John Richardson Gardens   Garden Design and Construction

Earth Artistry

There is something a little different about Jenny.  Don't get me wrong, I don’t mean in a bad way. More like in an 'I-eat-lots-of-weeds' kind of way. And it's true, she does. I know this because I have seen it and now I'm going to tell you about it. But first, I need to rewind about half an hour.

I am waiting for my hostess in the kitchen of her home in Constantia, craning my neck to see more of the immaculately landscaped garden that I can tantalizingly only glimpse part of on the terraces below. I'm in half a mind to let myself out onto the patio for a better view and it's only the questioning eye of a rather large Doberman that keeps me politely at the window, eagerly awaiting being shown around the private garden of one of Cape Town's most celebrated landscape designers: Top Billing’s Garden Designer of the year 2006, earth-artist, author, environmentalist, philosopher and mother of three - Jenny Louw. 

Jenny arrives a few moments later and, after pleasantries, we leave through the kitchen doors, across the patio and inexplicably,… in the wrong direction. Instead of staying on the rather grand path that clearly leads to the full picture of the fragment I saw from the kitchen, we duck through a gap in the hedge and head up to where a rustic pergola stands amongst a grove of trees. I want to show you my feral food garden, said Jenny, opening a wonky gate and ushering me into what I can only describe as secret garden of weeds. And my compost heaps, she added gleefully. Clearly my expression has betrayed me. I call it feral food; she tells me, but these plants are not just good for us, they’re important for the soils, insects, animals, the biological balance and everything else in the garden.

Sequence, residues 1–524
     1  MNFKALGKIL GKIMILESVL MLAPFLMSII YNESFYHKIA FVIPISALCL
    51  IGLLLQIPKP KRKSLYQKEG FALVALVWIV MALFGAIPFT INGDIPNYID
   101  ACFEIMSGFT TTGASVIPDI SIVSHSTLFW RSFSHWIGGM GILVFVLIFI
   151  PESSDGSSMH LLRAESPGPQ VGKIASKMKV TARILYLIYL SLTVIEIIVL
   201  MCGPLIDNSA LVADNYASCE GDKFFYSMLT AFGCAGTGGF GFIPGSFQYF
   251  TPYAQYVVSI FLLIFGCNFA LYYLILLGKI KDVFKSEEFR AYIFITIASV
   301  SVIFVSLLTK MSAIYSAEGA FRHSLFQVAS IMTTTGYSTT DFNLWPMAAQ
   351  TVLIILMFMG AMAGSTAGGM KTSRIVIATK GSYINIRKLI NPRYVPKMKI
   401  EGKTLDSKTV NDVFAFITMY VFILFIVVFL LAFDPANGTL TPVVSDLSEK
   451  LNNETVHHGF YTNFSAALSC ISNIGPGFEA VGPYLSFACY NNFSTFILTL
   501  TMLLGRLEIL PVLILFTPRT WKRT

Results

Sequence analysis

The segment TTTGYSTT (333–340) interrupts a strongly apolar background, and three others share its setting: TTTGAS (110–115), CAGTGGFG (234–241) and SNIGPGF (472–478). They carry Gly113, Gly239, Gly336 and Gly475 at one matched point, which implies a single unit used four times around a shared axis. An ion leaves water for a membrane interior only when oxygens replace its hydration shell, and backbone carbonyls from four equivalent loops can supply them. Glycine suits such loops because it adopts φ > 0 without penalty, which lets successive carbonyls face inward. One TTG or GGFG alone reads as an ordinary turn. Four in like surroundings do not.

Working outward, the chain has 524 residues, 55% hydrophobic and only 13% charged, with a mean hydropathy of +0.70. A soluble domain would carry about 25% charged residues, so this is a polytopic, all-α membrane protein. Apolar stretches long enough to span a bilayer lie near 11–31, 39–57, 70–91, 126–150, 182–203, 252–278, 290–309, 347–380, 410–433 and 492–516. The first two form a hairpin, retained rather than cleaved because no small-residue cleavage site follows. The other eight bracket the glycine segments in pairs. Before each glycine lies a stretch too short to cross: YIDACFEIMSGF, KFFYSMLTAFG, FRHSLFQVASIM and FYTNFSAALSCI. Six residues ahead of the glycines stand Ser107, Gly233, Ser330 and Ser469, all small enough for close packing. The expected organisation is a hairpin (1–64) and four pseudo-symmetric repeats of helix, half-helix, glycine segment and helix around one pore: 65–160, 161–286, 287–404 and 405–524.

And so begins the most enlightening two hours I can remember in ages. Bare-foot and relaxed, Jenny chats easily and moves lightly through her garden. She picks a sprig of this, a seed of that, a handful here and a scrunch of something else there: sunflowers, wheat grass, fennel, dandelion, thistles, all kinds of berries, leaves and flowers: a litany of weeds I normally chuck out of my own garden. Some are cooked, she explains, while others are juiced, used in salads or for making tea. And some, I see, are simply plucked off the plant and eaten right there and then. Raw and quite possibly full of bugs to boot.

I ask her about the bugs.

Pesticides and fungicides have no place in my garden, she says, because there is no need. There’s always a bird, dragon fly, wasp or frog right there waiting for its favorite meal. Natural gardening creates its own balance and no insect is able to gain ascendance. The Greek word for health also means whole, she explains, and it is only through this holistic approach that we create a deep and stable wholeness... or health… within ourselves.  No, weeds are not simply tolerated in Jenny's garden. Weeds, bugs, fungi, bacteria's and all manner of other micro and macro-organisms - are all perceived as vital parts of a greater whole and thus positively encouraged, promoted, even - I daresay -  loved, in this abundant haven that she cultivates around her. Even old decomposing logs, teeming with lichens and creatures-with-too-many-legs are collected in the forest and brought home to fill a niche in what she describes as the giant ecological web of life.